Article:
The Firm cautioned the OIG that some DMEPOS businesses could not feasibly develop a compliance program containing each of the seven elements (see page 4, below) contained in past guidelines for other health care industries, or implement a compliance program with the same level of complexity as was outlined in previous program guidance. Therefore, the Firm suggested that, for the DMEPOS industry, the OIG should present the seven elements as a "goal," rather than an absolute minimum requirement, and that the OIG recognize the barriers that some home care companies will face in implementing certain of the goals. In that way, the businesses would be encouraged to adopt those elements which are feasible and potentially effective, rather than being discouraged even from attempting a compliance program which would not pass muster under the "minimum" requirements.
B. Draft Compliance Program Guidance
The OIG issued its Draft Compliance Guidance in January 1999, stating that a final version of the Guidance will be published later this year. 64 Fed. Reg. 4435, 4436. The final version probably will not vary substantially from the Guidance. Although many of the concerns raised in the Firm's Comments were reflected in the preamble, the Firm's concern that OIG would present compliance programs as a one-size-fits-all item has largely come to fruition. Although the OIG acknowledged that "[g]iven the diversity within the industry, there is no single "best" DMEPOS supplier compliance program," (64 Fed. Reg. 4438), and noted that "the contents of the guidance should not be viewed as mandatory for providers or as an exclusive discussion of the advisable elements of a compliance program" (64 Fed. Reg. 4436), it nonetheless proceeded to present the Guidance as a set of minimum requirements which must be included in any effective compliance program.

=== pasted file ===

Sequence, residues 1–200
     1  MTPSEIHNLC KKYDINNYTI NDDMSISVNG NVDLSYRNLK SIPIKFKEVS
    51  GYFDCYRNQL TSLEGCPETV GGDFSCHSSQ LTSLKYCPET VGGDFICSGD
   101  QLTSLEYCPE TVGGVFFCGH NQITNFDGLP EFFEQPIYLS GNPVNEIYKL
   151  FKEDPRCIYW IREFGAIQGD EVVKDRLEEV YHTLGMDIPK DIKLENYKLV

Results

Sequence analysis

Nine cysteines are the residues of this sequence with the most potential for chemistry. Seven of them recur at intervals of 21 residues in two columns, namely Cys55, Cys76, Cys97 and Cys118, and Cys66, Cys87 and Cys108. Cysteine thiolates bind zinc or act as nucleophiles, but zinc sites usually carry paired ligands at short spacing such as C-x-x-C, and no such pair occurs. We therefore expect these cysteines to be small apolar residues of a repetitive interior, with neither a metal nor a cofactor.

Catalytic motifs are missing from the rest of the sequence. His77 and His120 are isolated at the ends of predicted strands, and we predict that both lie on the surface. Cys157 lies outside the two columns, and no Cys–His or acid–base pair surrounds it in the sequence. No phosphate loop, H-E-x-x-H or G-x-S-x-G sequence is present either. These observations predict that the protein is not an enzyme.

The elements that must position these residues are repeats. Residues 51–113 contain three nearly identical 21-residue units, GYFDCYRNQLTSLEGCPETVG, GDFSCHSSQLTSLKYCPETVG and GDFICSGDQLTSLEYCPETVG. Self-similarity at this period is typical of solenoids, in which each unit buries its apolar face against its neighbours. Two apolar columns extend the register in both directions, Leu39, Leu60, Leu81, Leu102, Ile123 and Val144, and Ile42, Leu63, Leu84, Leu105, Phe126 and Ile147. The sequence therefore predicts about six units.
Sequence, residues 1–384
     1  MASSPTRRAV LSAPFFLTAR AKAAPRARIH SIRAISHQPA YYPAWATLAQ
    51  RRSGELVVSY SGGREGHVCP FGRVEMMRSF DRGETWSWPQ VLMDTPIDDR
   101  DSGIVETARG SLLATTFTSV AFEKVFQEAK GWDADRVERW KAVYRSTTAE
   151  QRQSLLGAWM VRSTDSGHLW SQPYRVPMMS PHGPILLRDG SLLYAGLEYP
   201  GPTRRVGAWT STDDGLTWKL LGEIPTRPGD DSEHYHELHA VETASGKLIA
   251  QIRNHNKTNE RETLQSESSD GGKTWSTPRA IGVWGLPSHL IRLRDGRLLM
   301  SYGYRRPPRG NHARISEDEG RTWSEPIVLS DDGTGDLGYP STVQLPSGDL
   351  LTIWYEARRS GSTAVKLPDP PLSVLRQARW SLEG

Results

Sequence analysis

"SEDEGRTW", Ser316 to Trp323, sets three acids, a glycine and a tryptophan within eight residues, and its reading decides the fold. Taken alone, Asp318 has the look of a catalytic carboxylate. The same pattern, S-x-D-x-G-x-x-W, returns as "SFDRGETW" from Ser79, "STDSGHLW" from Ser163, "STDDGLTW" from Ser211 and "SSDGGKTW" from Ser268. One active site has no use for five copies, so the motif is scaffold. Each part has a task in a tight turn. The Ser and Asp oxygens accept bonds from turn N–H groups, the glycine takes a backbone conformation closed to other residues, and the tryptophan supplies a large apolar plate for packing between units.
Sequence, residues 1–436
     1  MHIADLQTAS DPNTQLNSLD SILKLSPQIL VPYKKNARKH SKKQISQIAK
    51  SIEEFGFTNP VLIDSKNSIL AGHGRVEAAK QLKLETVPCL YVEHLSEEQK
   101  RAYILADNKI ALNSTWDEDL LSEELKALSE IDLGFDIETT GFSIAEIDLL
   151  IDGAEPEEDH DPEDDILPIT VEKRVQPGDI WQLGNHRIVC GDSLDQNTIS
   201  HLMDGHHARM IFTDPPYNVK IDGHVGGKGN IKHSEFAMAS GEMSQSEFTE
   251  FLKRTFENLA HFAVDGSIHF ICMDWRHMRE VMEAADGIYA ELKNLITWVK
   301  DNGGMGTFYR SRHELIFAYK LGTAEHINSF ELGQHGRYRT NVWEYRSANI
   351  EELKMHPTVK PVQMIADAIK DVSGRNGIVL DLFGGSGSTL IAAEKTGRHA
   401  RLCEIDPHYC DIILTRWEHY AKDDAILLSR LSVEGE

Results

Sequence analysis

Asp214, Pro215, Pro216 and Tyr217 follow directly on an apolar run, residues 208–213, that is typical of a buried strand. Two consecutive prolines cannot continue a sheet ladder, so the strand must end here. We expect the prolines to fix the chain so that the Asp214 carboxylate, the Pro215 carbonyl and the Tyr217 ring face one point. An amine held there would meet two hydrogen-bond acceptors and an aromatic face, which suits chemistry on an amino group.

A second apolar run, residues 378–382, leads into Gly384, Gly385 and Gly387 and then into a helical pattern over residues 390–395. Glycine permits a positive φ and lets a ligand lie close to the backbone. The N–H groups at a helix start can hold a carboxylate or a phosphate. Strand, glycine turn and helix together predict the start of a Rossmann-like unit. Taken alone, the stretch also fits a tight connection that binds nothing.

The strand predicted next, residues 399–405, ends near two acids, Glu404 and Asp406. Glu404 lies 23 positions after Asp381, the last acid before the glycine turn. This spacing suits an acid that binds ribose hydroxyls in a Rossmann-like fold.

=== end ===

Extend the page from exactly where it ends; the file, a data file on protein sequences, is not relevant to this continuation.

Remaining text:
As with previous compliance program guidance for other health care sectors (clinical laboratories, February 1997; hospitals, February 1998; home health agencies, August 1998; and third-party medical billing companies, December 1998), the Draft Compliance Guidance for the DMEPOS Industry includes the following seven elements:
The Draft Compliance Guidance for DMEPOS includes the expectation that such companies will implement each of these elements, and states "regardless of a DMEPOS supplier's size or structure, the OIG believes that every DMEPOS supplier can and should strive to accomplish the objectives and principles underlying all of the compliance policies and procedures recommended within this guidance." 64 Fed. Reg. 437. Elsewhere in the Guidance, the OIG correctly observed that "superficial programs that simply have the appearance of compliance without being wholeheartedly adopted … will likely be ineffective." 64 Fed. Reg. 4437.
DMEPOS companies should adopt only those proposals in the Guidance which are feasible and likely to be effective and can be "wholeheartedly adopted" within their corporate environment.
Copyright © 2000 Corrine P. Parver